McIntosh grad killed in Atlanta robbery
A former Peachtree City man was shot to death during a robbery not far from his home in East Atlanta Village this past weekend.
Patrick Cotrona, a 1998 graduate of McIntosh High School, was one of three men accosted by an armed gunman during the attack, according to his older sister, Kate Cotrona Krumm. One of Cotrona’s friends was shot in the leg, but not until he was able to use pepper spray to fend off the assailant, she said.
Although their efforts were futile, bystanders tried to stop the bleeding from Cotrona’s wound and he was pronounced dead at Atlanta Medical Center after being whisked there by ambulance, Krumm said.
While they are reeling from Cotrona’s death, family members want him remembered for the way he lived his life, the love he gave and the irrevocable bond they shared growing up in Peachtree City.
Cotrona was an engineer for a video game company and had blossomed at Georgia Tech, Krumm said. The two shared a home together after college before she got married, for about three years.
“He was the best roommate I ever had,” Krumm said, adding that her brother had shunned corporate life for a more rewarding job despite the lower pay and benefits. It was more important to him to do something enjoyable, she said.
A minor in Japanese and a fan of anime, Cotrona once visited Japan on his own for two weeks and also spent about a week living in a Buddhist community, living as the natives did, Krumm recalled. He even went to a wedding once in South Africa, she added.
Cotrona, a video game engineer, was also a science fiction fan who was a regular at the Sci-Fi Dragon Con conference in Atlanta every year. As a child he was so academically sharp that he landed in his sister’s gifted classes though she was three years older, Krumm said. He was also very peaceful and avoided confrontation, she recalled.
A voracious reader, Cotrona was also a beer connoisseur, a joy he shared with his father Frank Cotrona. In fact, Patrick and his friends were walking to a nearby pub when he was gunned down.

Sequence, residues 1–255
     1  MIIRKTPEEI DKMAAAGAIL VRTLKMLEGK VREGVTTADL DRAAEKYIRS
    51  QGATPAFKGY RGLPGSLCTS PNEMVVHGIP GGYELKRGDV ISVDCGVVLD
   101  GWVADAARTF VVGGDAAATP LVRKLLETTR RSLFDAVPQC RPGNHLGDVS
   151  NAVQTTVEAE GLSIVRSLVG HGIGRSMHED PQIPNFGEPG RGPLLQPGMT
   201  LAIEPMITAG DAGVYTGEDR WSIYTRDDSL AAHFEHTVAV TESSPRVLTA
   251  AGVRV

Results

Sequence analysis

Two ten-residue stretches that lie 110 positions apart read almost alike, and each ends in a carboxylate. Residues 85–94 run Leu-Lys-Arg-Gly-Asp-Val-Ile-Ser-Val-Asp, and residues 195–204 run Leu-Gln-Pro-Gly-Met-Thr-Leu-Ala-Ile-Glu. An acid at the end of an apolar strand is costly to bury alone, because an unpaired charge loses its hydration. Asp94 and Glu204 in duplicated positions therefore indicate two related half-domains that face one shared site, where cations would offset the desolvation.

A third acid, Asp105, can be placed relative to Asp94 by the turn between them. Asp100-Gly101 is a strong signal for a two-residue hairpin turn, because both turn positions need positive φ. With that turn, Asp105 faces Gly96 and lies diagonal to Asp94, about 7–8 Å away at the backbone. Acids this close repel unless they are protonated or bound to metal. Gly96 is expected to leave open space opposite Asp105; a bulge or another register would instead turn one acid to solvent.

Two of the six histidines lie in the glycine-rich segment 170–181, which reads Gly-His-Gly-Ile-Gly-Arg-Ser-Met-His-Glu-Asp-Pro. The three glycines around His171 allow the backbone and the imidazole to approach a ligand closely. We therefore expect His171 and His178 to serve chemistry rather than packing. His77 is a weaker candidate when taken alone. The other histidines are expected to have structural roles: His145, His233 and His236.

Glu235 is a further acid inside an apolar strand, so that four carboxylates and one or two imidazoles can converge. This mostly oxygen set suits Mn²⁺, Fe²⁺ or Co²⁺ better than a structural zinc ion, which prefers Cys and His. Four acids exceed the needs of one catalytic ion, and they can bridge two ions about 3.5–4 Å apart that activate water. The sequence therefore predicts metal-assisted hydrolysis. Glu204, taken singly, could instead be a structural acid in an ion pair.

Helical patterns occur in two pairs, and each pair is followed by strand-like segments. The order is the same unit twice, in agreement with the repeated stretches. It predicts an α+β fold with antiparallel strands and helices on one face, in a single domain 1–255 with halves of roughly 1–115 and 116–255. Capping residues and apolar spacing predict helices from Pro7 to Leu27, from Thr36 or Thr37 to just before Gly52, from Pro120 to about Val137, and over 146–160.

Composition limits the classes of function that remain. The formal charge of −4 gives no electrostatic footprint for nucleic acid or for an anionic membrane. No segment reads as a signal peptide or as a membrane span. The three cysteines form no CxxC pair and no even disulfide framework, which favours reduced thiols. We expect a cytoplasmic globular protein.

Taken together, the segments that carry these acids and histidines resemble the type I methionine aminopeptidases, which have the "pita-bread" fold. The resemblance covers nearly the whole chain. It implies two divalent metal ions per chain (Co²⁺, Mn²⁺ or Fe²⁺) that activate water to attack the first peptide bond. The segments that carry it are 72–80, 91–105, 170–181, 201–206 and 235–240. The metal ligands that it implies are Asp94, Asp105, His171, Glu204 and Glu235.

Krumm said the family, including mom Paulette and sister Karen Cotrona Annis, plans to erect a memorial near where her brother was killed. They also are hoping for justice.
“My family, we want to remember this beautiful loving person who touched our lives in so many ways. Right now we don’t know when we will be able to find the peace because we are so traumatized by this grief, pain and shock over this horrifying, disgusting and depraved act,” Krumm said.
As the older sister of an academically-advanced brother who preferred books to outside play, Krumm recalled having to defend him over the years before he “blossomed” at Georgia Tech into the very social, amiable person he became. Now the Cotrona family is faced with a future without Patrick, a brother and cousin ... and also an uncle to two young girls “who will never get to grow up and know him,” Krumm said.
“We are trying to wrap our heads around something that we will never be able to wrap our heads around,” Krumm said. “... I don’t want the fact that my brother died over a few bucks to be the last of him. I want to protect other people. I want the community, the city, the police, the courts and the prison system to act. I want justice for him but also to prevent another family from going through what we are going through right now.”
In the meantime, the family will remember and celebrate Cotrona’s life and the legacy he leaves with them. For no criminal will ever be able to take that away from them, ever.
“Growing up, his head was always in a book,” Krumm recalled. “Our parents to punish him would send him outside. ... He learned so much just from reading the encyclopedia. He was also a sweet tender middle child to two sisters. ... He was also part of the Life Teen program at Holy Trinity Catholic Church.”
It was a life well-lived, even if it was cut far too short than anyone had envisioned.
“Dad said Patrick was the best in all of us,” Krumm said. “And it’s very true.”